Last weeks announcement about two Milwaukee health systems creating an organization together spotlights joint operating agreements, which experts have described as complicated deals that typically do not top the list of preferred healthcare affiliations.
Even so, Columbia St. Marys and Froedtert & Community Health announced on Jan. 16 they had chosen such an agreement when they formed Progressive Health, the result of a joint operating agreement that includes separate borrowing and balance sheets but joint investment of profits.
While there are advantages to entering into such an agreementa Catholic and a non-Catholic health system might not want to consolidate assets, for examplethese deals are trickier when it comes to antitrust issues, according to Rob McCann, a partner with the law firm Drinker Biddle in Washington. When systems agree to this model, McCann said, they are structuring a yours, mine and ours situation in which the assets of the organizations might be separate, but the use of those assets is pooled.
The motives could be wide-ranging, but I suspect the most compelling case for a JOA is you wouldnt merge for some structural problem, McCann said. If we do a merger, we will resolve our bond issuesmaybe the organization has debt issues and cant resolve different obligations to bond holders. But really the best thing is if we could merge. A JOA could be seen as the next best thing or a steppingstone to a merger. (To learn about healthcare-related mergers and acquisitions in 2007, see story on p. 22.) A resurgence in the use of joint operating agreements has been going on for some time (July 16, 2007, p. 6)
Keith Anderson, a partner in Drinker Biddles Chicago office, said joint operating agreements are complex arrangements that undergo a factually intense antitrust process.
Its difficult conceptually, Anderson said. By and large, there is complexity with administrating it. Basically you have to create financials for the JOA when you dont have an entity. Theyve basically got to come up with an entity-like balance sheet and all of the things in a financial statement and make it clear how they will calculate the net revenue and overhead, he said, adding that one reason to enter a joint operating agreement is so systems do not have to scramble the egg in the way a full merger would.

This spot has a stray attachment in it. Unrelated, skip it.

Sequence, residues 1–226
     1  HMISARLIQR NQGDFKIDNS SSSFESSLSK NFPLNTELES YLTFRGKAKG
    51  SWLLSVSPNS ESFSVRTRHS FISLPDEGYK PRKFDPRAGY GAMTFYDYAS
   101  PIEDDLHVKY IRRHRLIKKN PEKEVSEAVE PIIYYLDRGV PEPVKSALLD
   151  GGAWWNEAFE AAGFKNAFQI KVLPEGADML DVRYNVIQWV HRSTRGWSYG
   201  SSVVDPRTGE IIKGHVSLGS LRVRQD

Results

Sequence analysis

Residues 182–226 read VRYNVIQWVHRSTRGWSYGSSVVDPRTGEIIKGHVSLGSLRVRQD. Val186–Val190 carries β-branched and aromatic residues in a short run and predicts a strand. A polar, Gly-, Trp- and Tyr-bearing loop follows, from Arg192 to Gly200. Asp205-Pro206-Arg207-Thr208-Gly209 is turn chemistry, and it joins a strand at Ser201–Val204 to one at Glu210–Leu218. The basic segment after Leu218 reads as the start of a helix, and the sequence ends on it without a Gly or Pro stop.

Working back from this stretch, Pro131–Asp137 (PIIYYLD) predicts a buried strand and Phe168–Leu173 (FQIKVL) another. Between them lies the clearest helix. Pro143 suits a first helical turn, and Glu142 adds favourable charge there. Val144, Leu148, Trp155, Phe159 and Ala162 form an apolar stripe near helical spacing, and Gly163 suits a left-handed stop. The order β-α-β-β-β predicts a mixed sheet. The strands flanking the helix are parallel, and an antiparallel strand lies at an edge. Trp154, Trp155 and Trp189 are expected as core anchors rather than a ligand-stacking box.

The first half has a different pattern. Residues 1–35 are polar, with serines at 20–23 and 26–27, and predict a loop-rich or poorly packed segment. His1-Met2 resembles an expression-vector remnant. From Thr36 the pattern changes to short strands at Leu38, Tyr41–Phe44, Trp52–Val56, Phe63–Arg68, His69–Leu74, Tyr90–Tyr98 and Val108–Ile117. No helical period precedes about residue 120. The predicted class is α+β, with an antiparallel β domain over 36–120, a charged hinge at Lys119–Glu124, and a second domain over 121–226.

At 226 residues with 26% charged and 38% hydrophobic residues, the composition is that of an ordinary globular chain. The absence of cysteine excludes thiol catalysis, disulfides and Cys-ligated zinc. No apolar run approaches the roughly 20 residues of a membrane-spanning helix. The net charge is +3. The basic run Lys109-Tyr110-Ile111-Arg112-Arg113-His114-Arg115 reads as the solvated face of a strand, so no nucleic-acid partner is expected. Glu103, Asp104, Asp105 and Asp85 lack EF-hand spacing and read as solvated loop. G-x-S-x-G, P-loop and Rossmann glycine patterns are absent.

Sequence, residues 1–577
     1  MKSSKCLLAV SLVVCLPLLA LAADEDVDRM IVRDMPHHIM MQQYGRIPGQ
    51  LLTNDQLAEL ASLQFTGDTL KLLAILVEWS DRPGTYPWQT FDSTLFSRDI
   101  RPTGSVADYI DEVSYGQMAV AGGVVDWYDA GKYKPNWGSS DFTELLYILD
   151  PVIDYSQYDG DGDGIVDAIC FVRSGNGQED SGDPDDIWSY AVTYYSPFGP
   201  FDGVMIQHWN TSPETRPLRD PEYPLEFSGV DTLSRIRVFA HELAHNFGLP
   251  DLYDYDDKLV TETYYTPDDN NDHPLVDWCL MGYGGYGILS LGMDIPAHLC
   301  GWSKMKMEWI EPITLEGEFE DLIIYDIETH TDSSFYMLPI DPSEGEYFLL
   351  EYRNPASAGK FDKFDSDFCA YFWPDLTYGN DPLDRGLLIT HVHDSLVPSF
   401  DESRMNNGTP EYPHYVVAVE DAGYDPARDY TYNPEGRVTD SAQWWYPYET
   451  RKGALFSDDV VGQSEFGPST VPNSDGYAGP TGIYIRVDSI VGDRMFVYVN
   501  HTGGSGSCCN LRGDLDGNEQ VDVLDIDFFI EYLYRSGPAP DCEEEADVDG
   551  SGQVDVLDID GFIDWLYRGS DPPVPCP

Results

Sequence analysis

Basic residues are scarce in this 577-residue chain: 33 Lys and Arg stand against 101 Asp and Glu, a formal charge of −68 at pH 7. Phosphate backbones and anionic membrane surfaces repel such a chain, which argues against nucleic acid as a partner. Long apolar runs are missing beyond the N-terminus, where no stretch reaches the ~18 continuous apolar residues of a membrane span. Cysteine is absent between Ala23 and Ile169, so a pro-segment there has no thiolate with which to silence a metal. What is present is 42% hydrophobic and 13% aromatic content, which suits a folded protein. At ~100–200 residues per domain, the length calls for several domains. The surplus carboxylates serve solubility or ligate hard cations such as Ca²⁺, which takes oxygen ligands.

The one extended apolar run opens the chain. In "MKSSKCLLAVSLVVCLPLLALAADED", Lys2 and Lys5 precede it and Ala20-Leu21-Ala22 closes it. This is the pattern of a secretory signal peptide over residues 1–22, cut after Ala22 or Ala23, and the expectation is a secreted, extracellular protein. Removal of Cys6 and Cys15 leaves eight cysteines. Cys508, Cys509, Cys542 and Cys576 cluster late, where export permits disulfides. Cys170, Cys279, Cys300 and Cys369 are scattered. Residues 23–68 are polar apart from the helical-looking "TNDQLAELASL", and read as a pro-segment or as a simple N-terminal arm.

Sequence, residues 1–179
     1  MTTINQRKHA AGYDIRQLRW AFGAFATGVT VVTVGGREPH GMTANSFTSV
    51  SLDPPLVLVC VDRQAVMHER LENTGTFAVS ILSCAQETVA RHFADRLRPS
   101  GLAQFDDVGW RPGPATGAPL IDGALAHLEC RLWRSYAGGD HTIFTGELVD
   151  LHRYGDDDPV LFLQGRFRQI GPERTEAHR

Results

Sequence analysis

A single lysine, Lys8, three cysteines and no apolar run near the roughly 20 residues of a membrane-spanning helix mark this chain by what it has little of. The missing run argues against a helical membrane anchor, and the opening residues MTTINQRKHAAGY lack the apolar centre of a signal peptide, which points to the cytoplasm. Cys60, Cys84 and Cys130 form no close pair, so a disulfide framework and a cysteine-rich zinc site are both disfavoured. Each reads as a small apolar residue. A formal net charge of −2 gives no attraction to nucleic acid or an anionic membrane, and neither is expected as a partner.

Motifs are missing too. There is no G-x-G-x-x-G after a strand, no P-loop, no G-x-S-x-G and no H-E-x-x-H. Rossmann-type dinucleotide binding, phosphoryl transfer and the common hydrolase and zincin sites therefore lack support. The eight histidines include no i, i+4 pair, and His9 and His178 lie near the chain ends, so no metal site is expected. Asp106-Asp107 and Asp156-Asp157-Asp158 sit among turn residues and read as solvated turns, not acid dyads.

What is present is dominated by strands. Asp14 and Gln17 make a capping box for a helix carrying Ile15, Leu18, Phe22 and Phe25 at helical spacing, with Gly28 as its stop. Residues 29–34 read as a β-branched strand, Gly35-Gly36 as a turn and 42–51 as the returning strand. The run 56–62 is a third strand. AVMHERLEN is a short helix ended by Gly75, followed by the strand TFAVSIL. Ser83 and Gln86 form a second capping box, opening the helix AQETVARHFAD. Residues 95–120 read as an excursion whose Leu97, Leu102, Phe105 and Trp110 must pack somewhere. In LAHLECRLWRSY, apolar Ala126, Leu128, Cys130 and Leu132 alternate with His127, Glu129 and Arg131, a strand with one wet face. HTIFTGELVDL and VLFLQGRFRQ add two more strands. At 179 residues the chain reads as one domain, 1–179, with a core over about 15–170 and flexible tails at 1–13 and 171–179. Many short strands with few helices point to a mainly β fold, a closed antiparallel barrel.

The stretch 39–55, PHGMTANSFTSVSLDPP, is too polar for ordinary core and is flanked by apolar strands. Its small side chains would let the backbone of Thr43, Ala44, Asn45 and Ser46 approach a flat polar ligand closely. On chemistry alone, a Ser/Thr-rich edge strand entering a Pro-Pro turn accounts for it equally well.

As part of the Froedtert-Columbia St. Marys deal, each system will appoint half of Progressive Healths 16-member board. William Petasnick, president and chief executive officer of Froedtert, and Leo Brideau, president and CEO of Columbia St. Marys, will serve as co-presidents.
Obviously, its a unique model, Brideau said. Progressive will operate with a single integrated strategic and financial plan and a single governing board, he said. Assets will remain separate.
Consolidating governance and operations will allow the two systems to efficiently coordinate services, according to Petasnick. The partners hope to leverage their respective strengths: Froedtert Hospitals status as an academic medical center and Columbia St. Marys community care, Petasnick said, adding that the deal will also expand each partners respective geographic reach.
Froedtert includes 434-bed Froedtert Hospital, Milwaukee, and 196-bed Community Memorial Hospital, Menomonee Falls, Wis. The system reported operating income of $24.7 million on revenue of $813 million in 2006, the most recent year for which audited financial information is available.
Columbia St. Marys includes 226-bed Columbia St. Marys-Milwaukee, 248-bed Columbia St. Marys-Columbia and 106-bed Columbia St. Marys-Ozaukee, Mequon, Wis., and a rehabilitation facility. Columbia St. Marys reported net income of $45 million on revenue of $607.6 million in 2006, according to the system.
Columbia St. Marys is a subsidiary of Ascension Health, St. Louis, the nations largest not-for-profit health system.
JOAs, because of the complexity, the ability to pull them apart, (and) the inability to make some of those tougher, combined decisions, they are typically not at the top of the affiliation list, Drinker Biddles Anderson said. Theyre useful and have been successful, but there are reasons you dont see more of them.